MANILA -- The Department of Environment and Natural Resources (DENR) will still study whether to include in Manila Bay’s rehabilitation the recovery of wreckage submerged in the historic body of water.

"We'll first have to see if such wreckage is affecting the quality of water there," DENR Undersecretary Jonas Leones said Monday.

If not, Leones said, it may be better to just leave the wreckage in its watery grave to possibly serve as either artificial reef for various aquatic species or diving attraction for tourists.

"Removing the wreckage might even harm Manila Bay," he said.

Among the possible harm to Manila Bay is the spill of oil that might still be in the wreckage, Leones said.

In 2009, authorities reported recovering a World War II-era US tank stuck in Manila Bay's seafloor and a Japanese canon nearby.

US forces fought Japanese troops during that war aside from defeating Spain's naval fleet during the 1898 battle of Manila Bay.

While there's nothing final yet about including wreckage recovery in Manila Bay's rehabilitation, Leones assured that the government will dredge the bay to remove silt and trash that accumulated over the decades.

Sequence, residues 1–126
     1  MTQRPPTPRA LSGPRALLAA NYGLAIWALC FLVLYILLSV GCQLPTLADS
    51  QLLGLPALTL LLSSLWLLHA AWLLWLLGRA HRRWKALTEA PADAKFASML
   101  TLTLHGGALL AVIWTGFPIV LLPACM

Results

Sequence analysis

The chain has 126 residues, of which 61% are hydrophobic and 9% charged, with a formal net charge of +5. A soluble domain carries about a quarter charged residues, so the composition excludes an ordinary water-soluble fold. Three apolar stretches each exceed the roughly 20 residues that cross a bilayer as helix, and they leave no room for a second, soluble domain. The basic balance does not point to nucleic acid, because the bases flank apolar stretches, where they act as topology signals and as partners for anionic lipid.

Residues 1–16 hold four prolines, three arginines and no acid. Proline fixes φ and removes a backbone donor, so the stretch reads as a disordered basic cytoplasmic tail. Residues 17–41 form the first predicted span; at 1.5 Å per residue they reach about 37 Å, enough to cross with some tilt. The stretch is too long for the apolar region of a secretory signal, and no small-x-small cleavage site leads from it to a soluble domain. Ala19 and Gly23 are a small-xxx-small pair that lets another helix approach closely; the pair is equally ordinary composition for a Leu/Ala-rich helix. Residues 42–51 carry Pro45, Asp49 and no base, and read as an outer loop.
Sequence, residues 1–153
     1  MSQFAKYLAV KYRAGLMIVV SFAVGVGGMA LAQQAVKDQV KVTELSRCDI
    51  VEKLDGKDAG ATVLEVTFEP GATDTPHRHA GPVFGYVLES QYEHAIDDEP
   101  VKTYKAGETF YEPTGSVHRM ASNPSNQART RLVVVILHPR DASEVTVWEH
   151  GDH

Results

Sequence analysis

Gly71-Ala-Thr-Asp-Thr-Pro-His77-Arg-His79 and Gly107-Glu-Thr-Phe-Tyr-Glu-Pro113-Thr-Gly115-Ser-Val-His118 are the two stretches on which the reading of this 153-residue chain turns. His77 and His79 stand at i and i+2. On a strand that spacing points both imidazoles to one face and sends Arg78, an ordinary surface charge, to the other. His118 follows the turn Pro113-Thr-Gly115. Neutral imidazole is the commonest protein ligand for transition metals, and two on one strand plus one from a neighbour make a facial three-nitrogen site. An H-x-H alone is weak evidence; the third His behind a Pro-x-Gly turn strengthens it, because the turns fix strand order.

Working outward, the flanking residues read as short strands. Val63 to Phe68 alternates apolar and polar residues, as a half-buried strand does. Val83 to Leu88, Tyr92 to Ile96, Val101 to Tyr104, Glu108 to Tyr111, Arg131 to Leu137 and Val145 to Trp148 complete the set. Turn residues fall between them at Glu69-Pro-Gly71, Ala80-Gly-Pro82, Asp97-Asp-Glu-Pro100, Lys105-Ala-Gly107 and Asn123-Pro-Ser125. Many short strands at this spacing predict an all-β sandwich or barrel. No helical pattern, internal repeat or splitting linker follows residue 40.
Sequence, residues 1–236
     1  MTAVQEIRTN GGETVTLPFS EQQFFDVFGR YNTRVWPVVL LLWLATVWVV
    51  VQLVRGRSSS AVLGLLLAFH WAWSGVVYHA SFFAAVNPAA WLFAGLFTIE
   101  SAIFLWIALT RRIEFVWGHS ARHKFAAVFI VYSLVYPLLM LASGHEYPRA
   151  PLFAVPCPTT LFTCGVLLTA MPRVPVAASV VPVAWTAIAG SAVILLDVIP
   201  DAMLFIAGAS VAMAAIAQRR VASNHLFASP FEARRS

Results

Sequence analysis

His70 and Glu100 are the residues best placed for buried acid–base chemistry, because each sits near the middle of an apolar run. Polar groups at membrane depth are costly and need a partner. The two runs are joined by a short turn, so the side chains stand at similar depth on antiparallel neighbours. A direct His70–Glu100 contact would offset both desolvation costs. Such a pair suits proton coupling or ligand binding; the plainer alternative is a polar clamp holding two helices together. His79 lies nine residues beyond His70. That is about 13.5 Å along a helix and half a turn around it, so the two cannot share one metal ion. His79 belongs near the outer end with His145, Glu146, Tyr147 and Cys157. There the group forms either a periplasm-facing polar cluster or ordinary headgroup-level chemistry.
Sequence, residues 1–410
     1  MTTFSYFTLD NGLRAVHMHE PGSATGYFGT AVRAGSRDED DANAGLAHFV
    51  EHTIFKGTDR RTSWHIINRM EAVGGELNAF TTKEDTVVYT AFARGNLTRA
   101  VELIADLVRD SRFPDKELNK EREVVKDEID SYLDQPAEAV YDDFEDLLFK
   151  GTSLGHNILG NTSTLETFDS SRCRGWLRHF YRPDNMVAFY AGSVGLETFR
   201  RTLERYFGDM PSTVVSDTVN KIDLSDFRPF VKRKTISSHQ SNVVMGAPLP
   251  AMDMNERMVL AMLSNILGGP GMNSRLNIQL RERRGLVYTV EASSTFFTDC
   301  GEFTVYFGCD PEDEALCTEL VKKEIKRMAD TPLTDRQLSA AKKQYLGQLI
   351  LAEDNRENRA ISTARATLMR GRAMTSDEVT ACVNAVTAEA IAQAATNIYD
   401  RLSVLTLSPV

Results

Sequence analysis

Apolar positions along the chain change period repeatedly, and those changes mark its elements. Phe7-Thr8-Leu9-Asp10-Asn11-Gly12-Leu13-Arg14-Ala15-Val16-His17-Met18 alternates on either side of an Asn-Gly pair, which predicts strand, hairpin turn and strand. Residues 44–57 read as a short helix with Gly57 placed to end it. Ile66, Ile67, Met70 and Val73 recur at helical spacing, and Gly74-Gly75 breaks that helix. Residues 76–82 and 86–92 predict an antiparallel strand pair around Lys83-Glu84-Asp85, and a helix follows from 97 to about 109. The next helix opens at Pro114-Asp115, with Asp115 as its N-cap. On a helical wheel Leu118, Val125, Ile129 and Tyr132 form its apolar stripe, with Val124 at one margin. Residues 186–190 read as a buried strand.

"Divers last week reported 4-meter-high silt and trash there," he said.

He said the government will also dredge Manila Bay's major tributaries.

Last month, the government launched Manila Bay's rehabilitation to save it from further environmental degradation.

The rehabilitation's main activities are cleaning Manila Bay and its tributaries, relocating informal settlers, and educating the public about solid waste management.

The government aims to reduce the level of coliform bacteria in Manila Bay so its water could again be fit for swimming and other recreational activities.

"We welcome the private sector's help in rehabilitating Manila Bay," Leones said.

He reiterated that the government cannot solely rehabilitate Manila Bay and needs partners to successfully carry out this work. (PNA